Label / Cat. No: EMI DUO130
First Released: This Compilation 1981
I think we need to talk about the blurb for a bit. Did you read all of it? No? I'm not surprised. Bit much really. I think it's fair to say that the author, Jack Oliver was given a brief to fill out the inner sleeve of a gatefold album, and he has done so. However, apart from the tedious repetition of how great Harry was and how fantastic the EMI recordings of his work are, one thing becomes painfully obvious. As we go on and on, the grammar becomes more and more tortured. Allow me to give you an example from the final quarter of the blurb:-
It was featured in a notable series of EMI records and a taste of the superb quality of the band is provided by their performance of the suite KENILWORTH by Sir Arthur Bliss, one of the classics of brass band literature, recorded in 1960 which appears on side 2 of the second record of this album.
I suspect that the deadline came round a bit quick for Mr Oliver, and he found himself the night before, hunched over his typewriter, desperate to fill the blank page before him. It started well enough, but as the night wore on, and our Jack started to tire, the language got more and more tortured.
But, bless him, he managed it, and he even used the UNEXPECTED CAPITALS trick that I'm so fond of. It works particularly well when confronted with things like "ALL-STAR BRASS", making it seem exotic, exciting and mysterious...!
But we can easily sum up this massive amount of blurb in the following way.
Harry Mortimer played the cornet. He started playing in his Dad's band, and continued to play in his Dad's band in an example of crass nepotism. He could hold a tune, better than most, and played in both brass bands and orchestras. He kept busy, had a job with the BBC for a while, and helped to popularise brass band music in the post war years. He organised the odd extravaganza like "MEN O'BRASS" where his maxim was clearly more is more, and he chucked together all the bands he worked with so that there was a big crowd of blokes playing brass instruments instead of a small crowd. Here are some recordings. They were made by EMI. Enjoy. Oh, and he also did a bit of conducting on the side.
See. That wasn't too hard was it. But no, instead we had to have Jack Bloody Oliver going on and on about 'Harry Mortimer' always bloody 'Harry Mortimer', never just Harry, or Mr Mortimer, or even Hazza. No. I shan't let it get to me. But really...
So, where was I? Oh yes, Brass Band music. It seems, as it goes, Harry Mortimer was a bit of a fan, and that's fair enough. But I'm not. I'm afraid I was put off by my next door neighbour, James Hearn. When we were children, he would practise his bloody trumpet every Saturday morning, without fail, starting at 9 o'clock and going on for a couple of hours. Yes, exactly. Prime Tiswas time, ruined by a trumpet. To be fair, it wasn't his fault, and he was very good at it (or at least, he became very good at it, though not as good as Hazza, of course...), but that put me off brass as a whole.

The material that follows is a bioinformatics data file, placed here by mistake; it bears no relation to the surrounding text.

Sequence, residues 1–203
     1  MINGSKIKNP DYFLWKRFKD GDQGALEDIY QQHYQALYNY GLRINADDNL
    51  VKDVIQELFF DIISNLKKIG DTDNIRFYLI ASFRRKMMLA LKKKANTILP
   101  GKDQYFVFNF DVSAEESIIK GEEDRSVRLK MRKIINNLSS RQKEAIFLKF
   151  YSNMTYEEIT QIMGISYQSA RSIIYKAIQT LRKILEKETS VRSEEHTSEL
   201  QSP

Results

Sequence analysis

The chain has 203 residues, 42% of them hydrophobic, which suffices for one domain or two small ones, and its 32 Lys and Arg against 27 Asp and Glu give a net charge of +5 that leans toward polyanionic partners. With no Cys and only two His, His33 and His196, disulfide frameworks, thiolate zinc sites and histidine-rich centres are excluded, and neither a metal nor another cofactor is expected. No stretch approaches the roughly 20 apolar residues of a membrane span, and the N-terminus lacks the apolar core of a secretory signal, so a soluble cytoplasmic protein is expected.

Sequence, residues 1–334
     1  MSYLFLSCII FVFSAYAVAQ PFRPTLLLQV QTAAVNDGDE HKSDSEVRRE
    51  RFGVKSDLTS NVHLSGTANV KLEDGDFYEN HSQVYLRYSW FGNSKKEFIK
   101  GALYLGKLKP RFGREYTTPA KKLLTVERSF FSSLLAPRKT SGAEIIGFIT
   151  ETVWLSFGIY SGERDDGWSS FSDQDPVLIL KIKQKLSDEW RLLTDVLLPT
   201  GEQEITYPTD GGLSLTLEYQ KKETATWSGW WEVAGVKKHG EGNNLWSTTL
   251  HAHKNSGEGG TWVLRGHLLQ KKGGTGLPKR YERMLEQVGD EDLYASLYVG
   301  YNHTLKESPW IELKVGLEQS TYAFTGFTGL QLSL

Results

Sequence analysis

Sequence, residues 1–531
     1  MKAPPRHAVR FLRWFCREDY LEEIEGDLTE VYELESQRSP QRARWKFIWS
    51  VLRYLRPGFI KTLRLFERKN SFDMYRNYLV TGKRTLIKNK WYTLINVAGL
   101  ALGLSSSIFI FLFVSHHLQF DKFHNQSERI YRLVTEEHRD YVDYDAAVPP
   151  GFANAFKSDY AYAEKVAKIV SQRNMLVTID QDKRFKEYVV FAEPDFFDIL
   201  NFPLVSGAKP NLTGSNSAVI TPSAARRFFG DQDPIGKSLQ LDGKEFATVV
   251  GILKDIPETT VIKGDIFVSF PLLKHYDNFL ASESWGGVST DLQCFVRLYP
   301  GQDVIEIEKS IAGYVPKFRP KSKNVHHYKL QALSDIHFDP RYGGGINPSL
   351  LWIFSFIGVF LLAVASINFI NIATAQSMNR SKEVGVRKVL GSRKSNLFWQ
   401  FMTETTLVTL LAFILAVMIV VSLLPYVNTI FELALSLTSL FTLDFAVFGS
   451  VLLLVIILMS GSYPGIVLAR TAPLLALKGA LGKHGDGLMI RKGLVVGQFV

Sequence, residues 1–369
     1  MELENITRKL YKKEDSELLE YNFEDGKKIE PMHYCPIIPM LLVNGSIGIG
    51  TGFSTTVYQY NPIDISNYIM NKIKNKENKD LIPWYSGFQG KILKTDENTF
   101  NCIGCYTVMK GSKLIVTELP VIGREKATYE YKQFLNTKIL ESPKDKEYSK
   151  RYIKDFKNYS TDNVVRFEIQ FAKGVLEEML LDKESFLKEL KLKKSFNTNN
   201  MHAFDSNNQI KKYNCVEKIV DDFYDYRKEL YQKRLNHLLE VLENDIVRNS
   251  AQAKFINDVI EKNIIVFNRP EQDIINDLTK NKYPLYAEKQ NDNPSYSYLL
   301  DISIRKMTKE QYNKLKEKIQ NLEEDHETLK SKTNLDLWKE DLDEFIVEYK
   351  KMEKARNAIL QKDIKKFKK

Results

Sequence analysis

Therefore, I'm not really in a very good position to tell you whether this is a good brass album or not. It certainly seems very... professional. There's lots of brass, a few tunes we know, and plenty we don't. So I'm going to have to take the middle ground here and just say it's OK.
And what have we learnt?
Well..... firstly, that Brass Bands all appear to have double entendre names like 'Black Dyke' and 'Fairey'.
Secondly, there is (or at least was) a whole thriving brass band community, one that probably was damaged irrevocably by the closure of the mines in the 80s. Which reminds me - if anyone out there hasn't seen Brassed Off, they probably should.
Thirdly, there was a composer called 'Granville Bantock'. I wish I'd called my child Granville Bantock. I promise that if I ever get a dog, that's what I shall call it. And he was a fine looking fellow too. Proper beard - the works...
Fourthly, you can go a long way if your Dad's leader of the
And finally, Harry Mortimer, the 'Man Of Brass' himself does indeed look like a cleaned up version of Father Jack Hackett...
Edited to add - Thanks to Gareth for pointing out that Harry Mortimer also looks like Rowley Birkin QC....
Oh, and of course, I couldn't leave an entry on Brass Bands without this now, could I....?
1. Overture: ZAMPA
2. MAC AND MORT
3. RICHMOND HILL
4. Polka Brillante: SHYLOCK
5. ALPINE ECHOES
6. IL BACIO
7. CHAMPION MEDLEY MARCH No. 3
1. TRUMPET CONCERTO IN E FLAT
4. THE SWALLOWS SERENADE
5. A HUNTING MEDLEY
1. OPENING FANFARE
2. THE THREE TRUMPETERS
3. Suite: KENILWORTH
4. JENNY WREN
5. THE SHEPHERD'S SONG
6. THE LOST CHORD
7. RADETSKY MARCH
2. RIDE OF THE VALKYRIES
3. TO A WILD ROSE
4. Overture: THE BARBER OF SEVILLE
5. SPRING (Elegiac Melody No. 2)
6. JESU, JOY OF MAN'S DESIRING (from Cantata No. 147)
7. GALOP AND FINALE (from the William Tell Overture)
5 out of 10